The 2019 remaster of Prince's Sign O' Times is an album that gets consistent play in my home. The original release can be veiled and congested sounding, and Bernie Grundman has worked his magic to give us a rendition that is transparent, detailed, and engaging in a way the original recording could never achieve. "Sign O' The Times" (Sign O' The Times, Paisley Park Records 25577-1) presents as a sonic tapestry, with an excellent three dimensional sound-stage, with instruments occupying a sharply defined space, and an explosive dynamic attack from both the drum kit or bass guitar. Prince creates an aural landscape with instrument placement, textures of sound, and a remarkable vocal performance. The Audio-Technica OC9XSH couples a high level of resolution with a dynamically expressive presentation so we can experience one of the finest works of an artist that is a once in a generation talent.

In the analog world there are many four figure cartridges, and even a precious few that touch that five figure range. Those who delve into the deepest realms of esoterica will sing the praises of these mythical cartridges; so what should the realistic expectations be of a moving coil cartridge that sells for $649? There certainly must be limitations to the OC9XSH, after all, even in Audio-Technica product line there are higher grade cartridges such as the ART9 XI or XA, and the vaunted ART 1000. From my listening sessions I would say this cartridge gets the basics right, and in reality it presents a greater percentage of the essence of music than other cartridges that fall into the $500 to $1000 niche. The OC9XSH is an excellent all around performer, whose limitations reside in the final degree of tonal richness and density, and the presentation of the subtlest details of music. Cartridges that can express these microscopic elements of recorded music are rare designs, and this is what separates the great cartridges from the competent designs that are merely steady performers. When compared to the ZYX 4D or Transfiguration Audio Proteus that are long term reference cartridges at my home, I find these two to provide a larger slice of subtle details, increased clarity in terms of the acoustic space of the recording venue, and slightly more authentic presentation of the human voice. Even though I mention these points, I want to be very clear that these limitations are not fatal flaws committed by the OC9XSH, but rather you have to listen intently and make controlled comparisons to become aware of them. This evaluation I am making is against cartridges with price tags of $4300 and $6000, and the OC9XSH was never intended to equal them in overall performance. I will say this though, I can happily listen to this cartridge all night and not feel disappointed in any way, which is a testament about its abilities.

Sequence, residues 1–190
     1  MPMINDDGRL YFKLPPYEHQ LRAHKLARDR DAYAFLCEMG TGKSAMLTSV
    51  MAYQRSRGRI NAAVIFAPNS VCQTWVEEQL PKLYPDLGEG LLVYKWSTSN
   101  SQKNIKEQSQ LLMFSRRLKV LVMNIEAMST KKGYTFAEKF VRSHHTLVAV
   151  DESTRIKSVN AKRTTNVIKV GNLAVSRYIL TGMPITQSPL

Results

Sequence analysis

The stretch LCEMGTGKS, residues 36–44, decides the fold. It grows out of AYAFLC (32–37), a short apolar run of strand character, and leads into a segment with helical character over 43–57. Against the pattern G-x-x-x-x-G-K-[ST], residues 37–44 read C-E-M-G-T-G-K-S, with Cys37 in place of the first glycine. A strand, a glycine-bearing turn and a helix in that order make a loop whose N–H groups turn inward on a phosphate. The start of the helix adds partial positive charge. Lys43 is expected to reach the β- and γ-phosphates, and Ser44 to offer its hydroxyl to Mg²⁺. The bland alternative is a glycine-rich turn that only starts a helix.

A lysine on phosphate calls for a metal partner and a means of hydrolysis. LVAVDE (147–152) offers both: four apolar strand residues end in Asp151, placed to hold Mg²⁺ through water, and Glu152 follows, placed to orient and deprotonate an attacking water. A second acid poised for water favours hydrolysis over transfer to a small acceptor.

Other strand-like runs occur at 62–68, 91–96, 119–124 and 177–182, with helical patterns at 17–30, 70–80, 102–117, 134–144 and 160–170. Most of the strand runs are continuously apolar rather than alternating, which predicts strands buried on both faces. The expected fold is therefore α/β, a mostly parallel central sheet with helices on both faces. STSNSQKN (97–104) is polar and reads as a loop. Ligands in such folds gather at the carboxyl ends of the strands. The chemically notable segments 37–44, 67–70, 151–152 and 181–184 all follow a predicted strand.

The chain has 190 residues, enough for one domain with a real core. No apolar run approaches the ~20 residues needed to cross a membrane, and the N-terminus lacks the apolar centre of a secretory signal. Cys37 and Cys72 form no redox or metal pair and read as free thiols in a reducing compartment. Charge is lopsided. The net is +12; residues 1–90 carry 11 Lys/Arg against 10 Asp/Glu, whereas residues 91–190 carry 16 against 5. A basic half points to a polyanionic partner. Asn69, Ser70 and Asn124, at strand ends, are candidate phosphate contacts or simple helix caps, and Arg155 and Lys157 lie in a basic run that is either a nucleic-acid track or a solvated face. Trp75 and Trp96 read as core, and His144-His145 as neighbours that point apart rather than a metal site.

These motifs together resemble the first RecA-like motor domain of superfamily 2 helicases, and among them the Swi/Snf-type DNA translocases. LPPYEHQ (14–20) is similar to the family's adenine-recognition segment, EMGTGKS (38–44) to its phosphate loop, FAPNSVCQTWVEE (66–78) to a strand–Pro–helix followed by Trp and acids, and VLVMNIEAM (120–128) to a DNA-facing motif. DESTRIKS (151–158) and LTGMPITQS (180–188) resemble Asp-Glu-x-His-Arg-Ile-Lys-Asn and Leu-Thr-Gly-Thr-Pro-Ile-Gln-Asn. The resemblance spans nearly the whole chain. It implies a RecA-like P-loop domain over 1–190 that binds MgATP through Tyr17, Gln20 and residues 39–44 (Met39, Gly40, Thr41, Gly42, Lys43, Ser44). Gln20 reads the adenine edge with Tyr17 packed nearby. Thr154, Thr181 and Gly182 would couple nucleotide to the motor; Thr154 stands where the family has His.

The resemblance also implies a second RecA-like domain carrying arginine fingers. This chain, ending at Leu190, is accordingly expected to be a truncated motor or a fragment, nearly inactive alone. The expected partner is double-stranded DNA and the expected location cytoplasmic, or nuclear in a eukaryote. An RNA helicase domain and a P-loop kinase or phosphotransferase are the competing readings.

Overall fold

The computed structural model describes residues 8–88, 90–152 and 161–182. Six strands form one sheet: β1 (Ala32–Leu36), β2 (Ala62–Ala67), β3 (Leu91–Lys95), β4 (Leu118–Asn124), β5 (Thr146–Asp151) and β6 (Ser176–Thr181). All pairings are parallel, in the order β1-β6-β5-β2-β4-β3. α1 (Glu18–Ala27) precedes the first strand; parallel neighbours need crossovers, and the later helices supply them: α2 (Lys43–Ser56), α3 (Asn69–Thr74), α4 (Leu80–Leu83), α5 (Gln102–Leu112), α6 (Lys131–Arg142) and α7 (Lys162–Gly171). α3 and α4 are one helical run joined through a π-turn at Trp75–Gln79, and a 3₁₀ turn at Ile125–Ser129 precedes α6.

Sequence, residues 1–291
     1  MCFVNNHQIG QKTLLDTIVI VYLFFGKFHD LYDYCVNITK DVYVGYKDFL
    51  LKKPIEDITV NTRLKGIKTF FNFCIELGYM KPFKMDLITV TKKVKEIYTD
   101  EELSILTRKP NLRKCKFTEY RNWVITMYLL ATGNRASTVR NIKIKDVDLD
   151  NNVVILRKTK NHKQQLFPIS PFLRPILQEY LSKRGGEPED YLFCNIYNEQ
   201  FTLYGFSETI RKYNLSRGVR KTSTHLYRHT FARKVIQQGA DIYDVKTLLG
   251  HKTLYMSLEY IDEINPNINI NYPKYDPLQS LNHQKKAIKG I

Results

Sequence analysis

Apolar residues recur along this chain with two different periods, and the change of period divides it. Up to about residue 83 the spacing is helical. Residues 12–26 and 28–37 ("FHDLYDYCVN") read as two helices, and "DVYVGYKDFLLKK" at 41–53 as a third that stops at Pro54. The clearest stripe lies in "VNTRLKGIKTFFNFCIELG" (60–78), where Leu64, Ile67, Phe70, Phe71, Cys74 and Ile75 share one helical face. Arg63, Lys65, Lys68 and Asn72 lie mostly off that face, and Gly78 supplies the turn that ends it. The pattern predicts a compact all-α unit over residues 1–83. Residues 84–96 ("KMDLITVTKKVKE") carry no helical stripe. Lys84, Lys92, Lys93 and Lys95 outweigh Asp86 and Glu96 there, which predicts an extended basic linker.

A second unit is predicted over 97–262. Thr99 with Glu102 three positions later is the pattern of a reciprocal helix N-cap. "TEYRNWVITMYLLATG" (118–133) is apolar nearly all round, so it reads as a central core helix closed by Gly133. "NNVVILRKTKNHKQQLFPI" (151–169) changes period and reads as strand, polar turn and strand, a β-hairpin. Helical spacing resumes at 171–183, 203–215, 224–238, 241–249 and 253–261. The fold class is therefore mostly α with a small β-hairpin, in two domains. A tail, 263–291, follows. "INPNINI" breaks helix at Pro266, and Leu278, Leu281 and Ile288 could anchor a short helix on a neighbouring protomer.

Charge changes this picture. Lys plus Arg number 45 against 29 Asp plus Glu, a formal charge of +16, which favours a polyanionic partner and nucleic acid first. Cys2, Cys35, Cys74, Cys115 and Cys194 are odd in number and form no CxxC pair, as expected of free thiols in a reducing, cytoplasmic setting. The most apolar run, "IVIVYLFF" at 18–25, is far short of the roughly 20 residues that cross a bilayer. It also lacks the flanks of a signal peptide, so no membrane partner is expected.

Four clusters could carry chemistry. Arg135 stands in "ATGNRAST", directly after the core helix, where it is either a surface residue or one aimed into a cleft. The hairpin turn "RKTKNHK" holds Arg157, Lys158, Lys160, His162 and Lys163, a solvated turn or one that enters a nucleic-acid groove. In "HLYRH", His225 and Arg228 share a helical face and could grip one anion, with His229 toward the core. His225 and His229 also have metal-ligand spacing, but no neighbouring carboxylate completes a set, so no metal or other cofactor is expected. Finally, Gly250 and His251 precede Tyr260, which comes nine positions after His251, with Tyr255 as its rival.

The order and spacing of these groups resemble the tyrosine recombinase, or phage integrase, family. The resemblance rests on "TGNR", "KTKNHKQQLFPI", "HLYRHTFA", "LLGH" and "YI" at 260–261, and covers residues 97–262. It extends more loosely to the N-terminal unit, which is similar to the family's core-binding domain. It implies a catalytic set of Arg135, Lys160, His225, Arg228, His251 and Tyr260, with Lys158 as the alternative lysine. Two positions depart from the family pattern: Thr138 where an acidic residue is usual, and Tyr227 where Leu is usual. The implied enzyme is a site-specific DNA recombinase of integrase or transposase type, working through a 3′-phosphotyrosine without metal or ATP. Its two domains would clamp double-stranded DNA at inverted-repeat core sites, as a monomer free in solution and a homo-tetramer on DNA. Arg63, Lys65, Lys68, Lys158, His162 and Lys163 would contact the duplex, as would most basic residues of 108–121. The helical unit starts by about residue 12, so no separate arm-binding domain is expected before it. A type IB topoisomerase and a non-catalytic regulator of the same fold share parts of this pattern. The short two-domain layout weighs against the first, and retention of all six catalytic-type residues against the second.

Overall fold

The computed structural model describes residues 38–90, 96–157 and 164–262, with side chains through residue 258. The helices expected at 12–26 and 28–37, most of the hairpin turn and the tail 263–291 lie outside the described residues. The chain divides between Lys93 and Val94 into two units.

The current generation of Audio-Technica OC9 cartridges have a storied lineage that spans over thirty three years. A case can be made that the OC9-XSH is a classic cartridge design, yet it is also fair to say this cartridge is the product of a continuous refinement undertaken by one of the largest audio companies in the world. The build sheet for this cartridge contains sub-components and materials that are of superior quality. The OC9XSH uses a Shibata stylus, boron cantilever, neodymium magnets, Ohno Continuous Cast wire, and milled aluminum body. The OC9 family of cartridges are one of the hottest deals in audio. Perspective owners can acquire a high performance moving coil that is capable of a level of musical reproduction that other affordably priced cartridges struggle to approach. I heartily encourage readers to give it a serious listen, as anyone who value both performance and affordability will be intrigued by this cartridge. I know I am in no hurry to remove it from my SOTA, and I am pleased that good sound can still be had for a reasonable price.

OC9XSH Cartridge

Retail: $649